The usual blockbuster events gain all the attention for the National Gallery of Victoria, and like cosmic detritus around a black hole, all are pulled by way of its gravitational attraction. And this is no bad thing, so go see Vincent van Gogh and the Four Seasons if you can.
What these starry-eyed fans may miss out on though, is the low-key free to view exhibits, such as Love: Art of Emotion – 1400- 1800. It closes in a couple of weeks, and having spent a while there, I do recommend it. And not just as an escape from the VvG cluster, although it does represent a welcome contrast.
For further details on some of the themes and works, download this handy PDF. I won’t repeat what the gallery itself says about its exhibit, because why?
It’s a truism that rearranging art creates the possibility for new perspectives. This is literal in a physical sense but it’s not just about grouping art differently across new rooms. It is also about the rooms themselves. The air of mystery around some pieces in this exhibit is certainly heightened by the black matt painted walls, making the pieces as context-less as possible. While the rooms and corridors seem to fold in on themselves, presenting unique views and angles around each corner.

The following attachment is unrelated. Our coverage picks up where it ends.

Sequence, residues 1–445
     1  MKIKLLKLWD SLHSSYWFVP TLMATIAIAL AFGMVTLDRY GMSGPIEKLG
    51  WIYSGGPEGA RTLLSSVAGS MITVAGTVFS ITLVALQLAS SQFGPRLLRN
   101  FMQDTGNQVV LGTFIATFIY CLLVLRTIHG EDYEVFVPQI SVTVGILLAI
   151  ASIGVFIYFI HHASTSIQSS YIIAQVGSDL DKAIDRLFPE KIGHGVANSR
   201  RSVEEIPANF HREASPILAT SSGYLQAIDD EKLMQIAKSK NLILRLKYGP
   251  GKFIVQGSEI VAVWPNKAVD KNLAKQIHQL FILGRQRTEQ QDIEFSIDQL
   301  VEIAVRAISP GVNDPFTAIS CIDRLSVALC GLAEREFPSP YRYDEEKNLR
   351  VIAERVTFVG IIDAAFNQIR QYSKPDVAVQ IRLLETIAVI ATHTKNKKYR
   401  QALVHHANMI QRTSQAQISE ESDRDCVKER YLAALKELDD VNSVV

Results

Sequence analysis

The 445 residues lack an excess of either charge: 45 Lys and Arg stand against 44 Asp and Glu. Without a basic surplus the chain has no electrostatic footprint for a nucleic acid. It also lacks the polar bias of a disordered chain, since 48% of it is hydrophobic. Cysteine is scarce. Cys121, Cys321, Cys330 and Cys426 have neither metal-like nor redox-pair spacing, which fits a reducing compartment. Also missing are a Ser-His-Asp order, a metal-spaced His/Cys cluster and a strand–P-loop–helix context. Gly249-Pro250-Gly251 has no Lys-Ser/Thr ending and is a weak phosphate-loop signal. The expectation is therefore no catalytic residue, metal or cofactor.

Meanwhile, items in glass enclosed cases hold their own allure, reflecting, as they do the pictures around them, at the same time presenting the likes of mourning rings, and sculptures.
All this basks in yellow-gold lighting making for a warm, mellow contrast to the walls, so some pieces seem to glow and draw attention, while others wait to be discovered or stumbled across unexpectedly.
It almost doesn’t matter the theme for this exhibit. It offers a respite filled with ceramics, books, and instruments, paintings and glass. Amongst the rush of the city, or the crowds in busier galleries, this space offers a sea of tranquillity and repose. I suppose all galleries are looked upon this way in some measure. Perhaps, with its spacious main hall, with the magnificently vivid ceiling creating almost a cathedral space, the NGV is considered a refuge more than most.